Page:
Who was the First Veterinarian in Newton County?
By Jonnie Miller
Arthur A. Miller was reared and educated in Newton, finishing high school in 1930. He attended John Tarleton College and Texas A&M University with a degree in Entomology. He worked for the federal government in Texas and Oklahoma fighting grasshoppers then was sent to the Mexican border as a cattle inspector.
He went back to A&M for his Veterinary Degree and graduated in 1942. He was inducted into the army as a first lieutenant and served in the European Theatre. He returned home wounded two years later and put out his shingle as a veterinarian in Newton County. He also married Adele Buchanan from Saratoga.
His first office was a one-room building next to his home on the Burkeville Highway. Most of his patients had to be treated where they lived. Cats and dogs ran wild on the streets of Newton and very few people were interested in having them vaccinated. Vaccinations for rabies were usually at designated places throughout the area but turnout was very poor until a severe outbreak in the 1950s. Many dogs and even a cow went mad. During his life Dr. Miller had to take the Pasteur treatment for rabies three times, a painful series of 12 shots in the stomach.
Dr. Miller had many stories of his "doctoring" adventures with which he entertained his various friends and relatives.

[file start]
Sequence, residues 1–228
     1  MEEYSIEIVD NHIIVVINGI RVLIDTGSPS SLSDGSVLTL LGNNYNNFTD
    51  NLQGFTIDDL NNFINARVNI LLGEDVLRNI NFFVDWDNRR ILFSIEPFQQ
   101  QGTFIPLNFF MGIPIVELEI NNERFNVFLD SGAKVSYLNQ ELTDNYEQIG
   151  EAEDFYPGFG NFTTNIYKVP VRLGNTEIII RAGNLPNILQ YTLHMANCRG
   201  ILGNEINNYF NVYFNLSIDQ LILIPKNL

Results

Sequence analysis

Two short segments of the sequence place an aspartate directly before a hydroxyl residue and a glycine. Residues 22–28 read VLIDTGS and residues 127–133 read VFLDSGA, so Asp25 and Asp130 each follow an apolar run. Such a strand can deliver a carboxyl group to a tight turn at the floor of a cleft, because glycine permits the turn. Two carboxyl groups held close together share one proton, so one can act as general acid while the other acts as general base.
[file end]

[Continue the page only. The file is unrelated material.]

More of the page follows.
Horses, cows and mules were his principal patients when he began practice and many of the "contraptions" he used in his early practice are now considered objects of amusement. Antibiotics were unheard of but in 1943 penicillin became available to veterinarians for $20 a dose. Seven years later it was available for $0.04 a dose. Syringes and needles were stainless steel and had to be sterilized by boiling after each use.
Dr. Miller had cattle of his own in the beginning but when the price of cattle dropped drastically, he was forced to sell out. With his family growing (3 boys and 2 girls), he had to leave his beloved Newton and move to Jasper to make a living. However, he continued to serve Newton County people.
Later, as he became financially able, he established a scholarship for Newton High School graduating seniors to attend Texas A&M University. At one time he claimed he had a child in every university in the southwest conference. He also gave the photography laboratory to the Historical Commission and served as a History Commission volunteer.
Arthur A. Miller Jr., the man we lovingly called "Uncle Arthur" died October 18, 2000 one month and 2 days before his 88th birthday.